After a suspect ran down multiple people with his car, then got out of the car and began stabbing and slashing people with a knife Monday at Ohio State University, a responding officer—a good guy with a gun—shot and killed the suspect, ending the rampage that had killed one and sent nine to area hospitals.
Law student and former Miss Ohio Madison Gesiotto joins Colion Noir to discuss campus carry in the wake of the Ohio State University terror attack.
Last week the Ohio State University Pistol Team won its third consecutive national championship—the eighth in the program’s history.
Ohio State University President Michael Drake recently referenced the campus-carry bill currently moving through the Ohio legislature, saying “myself nor none of my colleagues think that’s a good idea, of course.”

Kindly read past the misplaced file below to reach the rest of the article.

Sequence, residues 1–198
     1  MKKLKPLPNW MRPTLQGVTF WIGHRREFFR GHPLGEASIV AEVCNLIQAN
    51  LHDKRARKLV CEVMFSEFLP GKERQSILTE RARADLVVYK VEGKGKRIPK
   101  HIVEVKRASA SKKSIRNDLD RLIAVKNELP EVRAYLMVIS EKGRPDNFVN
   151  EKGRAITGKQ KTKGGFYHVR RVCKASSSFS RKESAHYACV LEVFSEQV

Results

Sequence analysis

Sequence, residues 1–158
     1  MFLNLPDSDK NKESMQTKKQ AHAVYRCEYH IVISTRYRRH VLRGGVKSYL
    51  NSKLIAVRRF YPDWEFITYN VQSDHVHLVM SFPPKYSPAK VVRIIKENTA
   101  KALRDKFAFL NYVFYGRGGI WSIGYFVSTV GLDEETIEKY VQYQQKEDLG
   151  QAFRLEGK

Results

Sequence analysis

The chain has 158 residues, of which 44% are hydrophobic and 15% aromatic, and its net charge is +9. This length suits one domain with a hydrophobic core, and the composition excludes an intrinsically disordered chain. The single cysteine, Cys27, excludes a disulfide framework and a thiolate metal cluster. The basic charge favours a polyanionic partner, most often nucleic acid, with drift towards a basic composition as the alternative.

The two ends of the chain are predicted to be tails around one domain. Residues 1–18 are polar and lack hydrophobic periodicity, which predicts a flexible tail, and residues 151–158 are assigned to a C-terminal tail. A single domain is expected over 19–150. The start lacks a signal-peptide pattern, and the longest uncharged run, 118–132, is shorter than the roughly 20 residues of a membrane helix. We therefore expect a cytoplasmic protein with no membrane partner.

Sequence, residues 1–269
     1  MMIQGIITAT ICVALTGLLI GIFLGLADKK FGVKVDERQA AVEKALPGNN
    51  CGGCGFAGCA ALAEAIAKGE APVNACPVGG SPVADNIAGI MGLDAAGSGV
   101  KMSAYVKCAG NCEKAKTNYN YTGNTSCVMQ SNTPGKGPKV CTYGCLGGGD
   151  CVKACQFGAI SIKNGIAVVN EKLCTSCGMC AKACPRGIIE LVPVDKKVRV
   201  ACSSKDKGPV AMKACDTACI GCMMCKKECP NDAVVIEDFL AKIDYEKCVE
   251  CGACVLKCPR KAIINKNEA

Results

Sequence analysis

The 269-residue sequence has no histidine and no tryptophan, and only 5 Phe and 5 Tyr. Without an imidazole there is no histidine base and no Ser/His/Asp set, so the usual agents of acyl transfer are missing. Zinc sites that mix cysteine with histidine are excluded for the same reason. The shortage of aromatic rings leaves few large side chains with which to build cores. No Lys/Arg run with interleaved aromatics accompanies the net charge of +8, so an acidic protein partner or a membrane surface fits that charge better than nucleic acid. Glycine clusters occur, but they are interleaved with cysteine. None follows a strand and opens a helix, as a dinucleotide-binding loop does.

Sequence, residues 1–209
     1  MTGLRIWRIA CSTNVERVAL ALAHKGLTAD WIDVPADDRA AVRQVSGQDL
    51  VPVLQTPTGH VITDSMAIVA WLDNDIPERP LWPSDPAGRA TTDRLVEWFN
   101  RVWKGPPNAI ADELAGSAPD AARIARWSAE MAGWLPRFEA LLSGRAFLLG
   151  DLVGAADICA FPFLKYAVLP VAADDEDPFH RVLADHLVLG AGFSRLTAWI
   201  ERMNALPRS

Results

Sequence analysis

Even after Monday’s terrorist attack on Ohio State University, OSU President Michael Drake still opposes campus carry legislation that would allow licensed, lawful adults to protect themselves on Ohio college campuses, Columbus Business First reported.
“Deeply saddened by the senseless act of gun violence at Ohio State this morning.” That’s Hillary Clinton’s running mate, Sen. Tim Kaine of Virginia, tweeting after 11 Ohio State students were attacked with a car and a knife.
This week, in an eagerly anticipated move, the Ohio Senate passed House Bill 48, which removes sweeping restrictions on concealed-carry permit holders in many public buildings.
Anti-gun elites got it wrong—again—after the Ohio State attacks. But the people might make it right.